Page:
Researchers now have a better understanding of the role that thyroid hormones, the tissues that produce them, and the biochemical pathways on which they act have in driving seasonal reproduction in some mammals, and how this new information may help explain seasonal changes in metabolism and mood that affect humans. The review article entitled "Seasonal Rhythms: The Role of Thyrotropin and Thyroid Hormones" is part of a special section on Japanese Research led by Guest Editor Yoshiharu Murata, Nagoya University, Japan, in the January 2018 issue of Thyroid, a peer-reviewed journal from Mary Ann Liebert, Inc., publishers and the official journal of the American Thyroid Association (ATA). The article is available free on the Thyroid website until January 19, 2018.
Coauthors Tomoya Nakayama and Takashi Yoshimura, Nagoya University and National Institute for Basic Biology, Okazaki, Japan explore the significance and implications of the data derived from the most recent genomic and molecular studies of animals that breed seasonally, such as the Japanese quail. The researchers examine the relationship between length of daylight, the secretion of thyrotropin (TSH) from the pituitary gland, and gonadal growth in animals. They discuss the value of comparative studies in various mammals, in which molecules such as TSH have been conserved across evolution. These studies may help shed light on the mechanisms underlying seasonal depression-like symptoms and weight gain in humans.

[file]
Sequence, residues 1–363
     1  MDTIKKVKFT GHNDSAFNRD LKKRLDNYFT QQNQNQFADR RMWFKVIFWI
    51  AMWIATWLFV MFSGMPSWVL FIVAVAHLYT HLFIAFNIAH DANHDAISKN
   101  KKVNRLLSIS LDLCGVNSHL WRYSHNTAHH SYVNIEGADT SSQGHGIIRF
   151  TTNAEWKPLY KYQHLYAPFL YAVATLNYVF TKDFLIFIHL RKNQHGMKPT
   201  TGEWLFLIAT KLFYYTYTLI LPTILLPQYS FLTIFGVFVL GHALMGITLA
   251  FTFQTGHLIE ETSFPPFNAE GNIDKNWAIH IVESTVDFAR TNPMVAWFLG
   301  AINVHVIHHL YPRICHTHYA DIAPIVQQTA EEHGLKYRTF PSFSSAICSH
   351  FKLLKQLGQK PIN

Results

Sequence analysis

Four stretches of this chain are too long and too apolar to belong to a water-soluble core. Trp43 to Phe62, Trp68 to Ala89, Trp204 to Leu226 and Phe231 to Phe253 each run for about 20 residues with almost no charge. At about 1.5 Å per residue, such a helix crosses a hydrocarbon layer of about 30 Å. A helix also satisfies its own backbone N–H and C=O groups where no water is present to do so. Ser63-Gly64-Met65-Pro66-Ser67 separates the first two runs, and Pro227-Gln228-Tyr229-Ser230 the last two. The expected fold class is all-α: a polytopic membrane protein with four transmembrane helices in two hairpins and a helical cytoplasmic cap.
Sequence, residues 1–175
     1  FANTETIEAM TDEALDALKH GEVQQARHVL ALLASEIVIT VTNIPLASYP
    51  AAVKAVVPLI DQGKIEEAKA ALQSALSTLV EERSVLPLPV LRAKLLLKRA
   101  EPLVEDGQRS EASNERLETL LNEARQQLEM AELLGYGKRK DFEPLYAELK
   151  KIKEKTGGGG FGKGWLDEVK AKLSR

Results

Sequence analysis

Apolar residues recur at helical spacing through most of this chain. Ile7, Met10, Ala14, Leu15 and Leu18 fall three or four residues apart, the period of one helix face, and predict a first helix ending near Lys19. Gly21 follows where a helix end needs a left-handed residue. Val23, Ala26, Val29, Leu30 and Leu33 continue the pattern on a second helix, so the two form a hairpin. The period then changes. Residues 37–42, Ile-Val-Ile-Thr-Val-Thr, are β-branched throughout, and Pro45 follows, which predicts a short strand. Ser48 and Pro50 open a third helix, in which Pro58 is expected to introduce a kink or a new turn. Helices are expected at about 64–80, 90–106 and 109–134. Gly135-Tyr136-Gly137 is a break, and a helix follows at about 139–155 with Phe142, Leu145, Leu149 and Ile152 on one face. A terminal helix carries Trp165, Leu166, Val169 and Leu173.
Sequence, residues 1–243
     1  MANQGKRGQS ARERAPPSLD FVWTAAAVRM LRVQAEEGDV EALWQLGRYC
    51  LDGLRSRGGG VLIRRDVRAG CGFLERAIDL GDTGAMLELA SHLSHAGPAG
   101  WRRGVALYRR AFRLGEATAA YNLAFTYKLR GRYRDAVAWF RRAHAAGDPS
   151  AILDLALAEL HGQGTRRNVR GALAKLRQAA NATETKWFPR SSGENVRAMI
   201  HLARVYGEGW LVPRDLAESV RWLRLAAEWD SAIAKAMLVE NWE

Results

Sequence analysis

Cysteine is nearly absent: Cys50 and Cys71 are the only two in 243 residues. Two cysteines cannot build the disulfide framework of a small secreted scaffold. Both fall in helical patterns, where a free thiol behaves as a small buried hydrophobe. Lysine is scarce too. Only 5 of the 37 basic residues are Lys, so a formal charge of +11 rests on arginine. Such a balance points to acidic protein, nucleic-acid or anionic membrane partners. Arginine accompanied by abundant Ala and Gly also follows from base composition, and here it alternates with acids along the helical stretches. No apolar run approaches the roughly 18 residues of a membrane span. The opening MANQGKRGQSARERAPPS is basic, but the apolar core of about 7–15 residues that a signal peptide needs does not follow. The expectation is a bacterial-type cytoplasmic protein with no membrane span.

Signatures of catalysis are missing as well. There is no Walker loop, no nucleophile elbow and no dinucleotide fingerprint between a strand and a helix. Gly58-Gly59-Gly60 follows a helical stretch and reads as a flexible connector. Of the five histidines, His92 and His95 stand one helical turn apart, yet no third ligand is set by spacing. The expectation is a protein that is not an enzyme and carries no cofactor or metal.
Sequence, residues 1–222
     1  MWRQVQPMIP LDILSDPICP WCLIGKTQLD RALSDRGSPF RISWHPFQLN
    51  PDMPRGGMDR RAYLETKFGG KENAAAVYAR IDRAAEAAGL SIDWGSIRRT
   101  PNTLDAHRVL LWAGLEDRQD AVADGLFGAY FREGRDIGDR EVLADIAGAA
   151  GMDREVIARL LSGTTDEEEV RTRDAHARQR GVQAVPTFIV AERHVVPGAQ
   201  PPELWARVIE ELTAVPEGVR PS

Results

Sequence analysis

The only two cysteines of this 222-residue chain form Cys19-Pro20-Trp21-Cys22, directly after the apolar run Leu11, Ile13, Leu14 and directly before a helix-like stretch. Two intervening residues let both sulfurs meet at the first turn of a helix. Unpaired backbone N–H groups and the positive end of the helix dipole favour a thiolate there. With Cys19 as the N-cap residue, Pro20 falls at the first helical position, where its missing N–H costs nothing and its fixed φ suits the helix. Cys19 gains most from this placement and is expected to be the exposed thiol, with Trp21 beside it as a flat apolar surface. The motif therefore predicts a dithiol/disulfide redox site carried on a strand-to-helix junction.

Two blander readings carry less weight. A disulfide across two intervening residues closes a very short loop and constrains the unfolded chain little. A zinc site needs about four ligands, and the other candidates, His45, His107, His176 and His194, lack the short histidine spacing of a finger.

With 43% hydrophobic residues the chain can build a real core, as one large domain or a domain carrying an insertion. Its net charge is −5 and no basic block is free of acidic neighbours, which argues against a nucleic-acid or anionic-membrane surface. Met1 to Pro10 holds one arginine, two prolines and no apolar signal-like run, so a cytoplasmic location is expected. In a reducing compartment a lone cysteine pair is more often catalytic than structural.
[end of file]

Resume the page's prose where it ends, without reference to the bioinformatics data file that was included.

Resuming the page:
"Through a series of very elegant studies, Dr. Yoshimura's group has discovered that T3 produced in the mediobasal hypothalamus (MBH) regulates gonadotropin-releasing hormone (GnRH) secretion in a seasonal fashion," says Peter A. Kopp, MD, Editor-in-Chief of Thyroid and Professor of Medicine, Division of Endocrinology, Metabolism, and Molecular Medicine, Northwestern University Feinberg School of Medicine, Chicago, IL. "The increase in triiodothyronine (T3) is dependent on differential expression and activity of deiodinase type 2. Most interesting and surprising is the fact that the expression of deiodinase type 2 is regulated by TSH secreted from the pars tuberalis (rather than the pars distalis) of the anterior lobe of the pituitary gland. TSH secreted from this source differs in its glycosylation pattern and it does not stimulate the thyroidal TSH receptor. These studies define this alternative form of TSH as a springtime hormone and provide fundamental insights into the seasonal regulation of reproduction."